This is the last of twelve posts in the Exploring Mindfulness series, a reflection on the book When Things Fall Apart by Pema Chödrön. This post addresses Chapters Twenty-One and Twenty Two. Participants are encouraged to practice mindfulness meditation daily throughout the twelve weeks, even if for five minutes at a time. (3.5 min read)
Reversing the Wheel of Samsara
Are the dharma (teachings) and meditation enough? Are they relevant and accessible in the most painful or overwhelming situations? Pema Chödrön acknowledges the role of therapy as a path for some. Yet she feels that the dharma is more revolutionary. She writes,
For many of us the dharma itself supplies the tools and support we need to find our own beauty, our own insight, our own ability to work with neurosis and pain.
In traditional Buddhism, Samsara refers to the human predicament. Because of our conditioning, we grasp pleasure and push away pain, as opposed to honoring whatever arises, we are caught in the endless cycle of suffering known as the Wheel of Samsara. Outside the wheel, the human predicament is observed by a bodhisattva, one with an awakened heart, who is weeping for those of us trapped in our own suffering, like Jesus wept while gazing at Jerusalem from the hillside. At the hub of the wheel are the three poisons we discussed in the last post: passion, aggression, and ignorance. These propel the wheel continuously in the same direction unless the dharma is received, takes root and flourishes within us.
In Chapter Twenty-One, Pema tells of a moment when the dharma spontaneously expressed itself within her. She was facing a financial crisis. She described feeling a considerable weight and the beginning of panic. This was a familiar feeling from past crises. Pema explains that she doesn’t know why this was the moment that she saw things differently; nonetheless, she recognized her habitual thinking and, she writes,
I stopped following through with my habitual plan to save the day… I decided to see what would happen without my input—even if it meant that everything would fall apart. Sometimes you just have to let everything fall apart. I felt like there was a huge wheel that had colossal momentum for going in a habitual direction, and I was turning it around.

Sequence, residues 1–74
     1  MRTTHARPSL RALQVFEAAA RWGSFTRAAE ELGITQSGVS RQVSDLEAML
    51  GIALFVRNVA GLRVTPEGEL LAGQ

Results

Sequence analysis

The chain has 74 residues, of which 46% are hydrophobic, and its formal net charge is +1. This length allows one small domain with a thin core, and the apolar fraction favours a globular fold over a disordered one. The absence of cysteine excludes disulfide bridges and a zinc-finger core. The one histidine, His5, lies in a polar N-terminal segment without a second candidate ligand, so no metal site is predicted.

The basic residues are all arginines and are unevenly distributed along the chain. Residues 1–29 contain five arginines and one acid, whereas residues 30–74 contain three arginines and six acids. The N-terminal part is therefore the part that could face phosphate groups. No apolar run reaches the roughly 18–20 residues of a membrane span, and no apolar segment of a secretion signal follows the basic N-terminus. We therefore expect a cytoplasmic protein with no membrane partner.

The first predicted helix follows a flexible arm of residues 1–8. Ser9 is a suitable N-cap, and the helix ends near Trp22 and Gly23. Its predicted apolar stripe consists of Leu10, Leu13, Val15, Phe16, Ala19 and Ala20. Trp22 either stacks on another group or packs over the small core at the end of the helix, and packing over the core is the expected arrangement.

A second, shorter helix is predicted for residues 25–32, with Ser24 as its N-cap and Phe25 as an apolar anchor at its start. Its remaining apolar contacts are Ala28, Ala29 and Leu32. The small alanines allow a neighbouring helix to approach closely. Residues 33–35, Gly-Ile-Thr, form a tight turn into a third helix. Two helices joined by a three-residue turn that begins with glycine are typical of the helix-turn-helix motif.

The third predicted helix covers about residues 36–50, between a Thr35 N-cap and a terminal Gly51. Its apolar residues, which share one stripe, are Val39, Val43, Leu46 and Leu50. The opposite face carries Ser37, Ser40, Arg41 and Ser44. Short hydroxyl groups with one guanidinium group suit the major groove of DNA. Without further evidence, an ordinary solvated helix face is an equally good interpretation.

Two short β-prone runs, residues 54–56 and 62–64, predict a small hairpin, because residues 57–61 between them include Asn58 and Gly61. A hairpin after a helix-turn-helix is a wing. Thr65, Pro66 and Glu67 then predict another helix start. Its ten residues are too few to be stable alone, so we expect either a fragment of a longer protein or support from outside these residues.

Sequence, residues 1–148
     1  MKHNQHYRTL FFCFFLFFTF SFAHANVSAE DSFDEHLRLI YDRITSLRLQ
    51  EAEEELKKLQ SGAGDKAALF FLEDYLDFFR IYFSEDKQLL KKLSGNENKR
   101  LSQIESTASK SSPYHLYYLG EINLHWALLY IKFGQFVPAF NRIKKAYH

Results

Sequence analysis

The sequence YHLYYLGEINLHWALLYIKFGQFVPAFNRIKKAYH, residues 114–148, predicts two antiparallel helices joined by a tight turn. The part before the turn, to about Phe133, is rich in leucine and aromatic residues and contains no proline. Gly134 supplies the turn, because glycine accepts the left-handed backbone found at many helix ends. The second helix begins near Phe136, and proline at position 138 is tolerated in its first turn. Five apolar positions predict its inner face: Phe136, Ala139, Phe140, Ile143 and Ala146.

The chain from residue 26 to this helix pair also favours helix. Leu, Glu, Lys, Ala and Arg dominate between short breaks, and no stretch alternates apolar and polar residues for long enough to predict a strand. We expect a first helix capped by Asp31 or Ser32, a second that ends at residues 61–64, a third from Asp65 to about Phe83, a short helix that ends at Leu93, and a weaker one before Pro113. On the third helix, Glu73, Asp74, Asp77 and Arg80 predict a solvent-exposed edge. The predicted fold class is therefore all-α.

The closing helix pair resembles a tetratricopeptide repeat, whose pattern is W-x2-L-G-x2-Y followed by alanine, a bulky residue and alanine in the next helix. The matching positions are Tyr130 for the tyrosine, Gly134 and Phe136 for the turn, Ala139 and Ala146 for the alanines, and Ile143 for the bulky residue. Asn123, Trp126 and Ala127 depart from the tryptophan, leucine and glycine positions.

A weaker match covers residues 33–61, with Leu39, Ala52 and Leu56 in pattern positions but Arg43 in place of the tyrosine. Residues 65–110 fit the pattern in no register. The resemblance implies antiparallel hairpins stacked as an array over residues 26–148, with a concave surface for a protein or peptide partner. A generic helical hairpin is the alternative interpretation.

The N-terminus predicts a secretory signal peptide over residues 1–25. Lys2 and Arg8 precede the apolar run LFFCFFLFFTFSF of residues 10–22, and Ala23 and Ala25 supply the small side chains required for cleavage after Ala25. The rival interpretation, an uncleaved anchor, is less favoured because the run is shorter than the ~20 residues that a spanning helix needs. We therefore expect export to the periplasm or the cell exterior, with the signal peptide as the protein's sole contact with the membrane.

Pema stopped and responded differently than she otherwise would have. She speculates that she could experiment this way without becoming rigid or stuck because of the training she had in making friends with her thoughts and emotions.
The Path is the Goal
Pema explains that the path is not a road with a destination—with an estimated-time-of-arrival. It is “the moment-by-moment evolution of our experience…”.
When I was a child of about eight, my father, without realizing it, gave me instruction on the path as the goal. He was of the generation that was born before most people could afford cars, and he developed a life long love for driving and seeing the sights. One long weekend he and my mother piled their five sons into the station wagon to drive from Delaware to the western Maryland portion of the Appalachian range. The novelty wore off quickly for me, and I felt compelled to ask again and again, “Where are we going, and when are we going to get there?” In this case, his seemingly enigmatic answers—that we aren’t going anyway and that we were already there— were not the sarcastic retorts of an annoyed parent—but were literally true. In Pema’s words,
When something hurts in life, we don’t usually think of it as our path or as the source of wisdom”, she observes, adding, “In fact, we think that the reason we’re on the path is to get rid of this painful feeling (for example, “When I get to L.A., I won’t feel this way anymore.”) At that level of wanting to get rid of our feeling, we naively cultivate a subtle aggression against ourselves. However, the fact is that anyone who has used the moments and days and years of his or her life to become wiser, kinder, and more at home in the world has learned from what has happened right now… If there’s any possibility for enlightenment, it’s right now, not at some future time. Now is the time.
Even as we travel, we have already arrived.
Settle into a comfortable but straight-backed sitting position, and focus light attention awhile on your breath. Be lightly aware of the room around you and such things as temperature, sounds, smells, and—if your eyes are softly opened—light, shadows, shapes, and textures. Label any thought that arises as “thinking” and let it go—no need to struggle.
Eventually, focus on a difficult or awkward situation you are facing, perhaps something that you will be addressing in the next week. Imagine yourself in that situation. Allow yourself to experience the emotions that arise. Think of ways that you would typically react. Notice your conditioned thoughts, feelings, and actions. Imagine yourself responding in different ways. Ask yourself, “What would it be like to respond to this situation with interest, engagement, and compassion, but without investment in the outcome”?
I can think of no better way to end this series than by quoting the final sentence of When Things Fall Apart:
-May these teachings take root and flourish for the benefit of all sentient beings now and in the future. –
Thanks for sticking with this until the end.
ॐ I bow to you,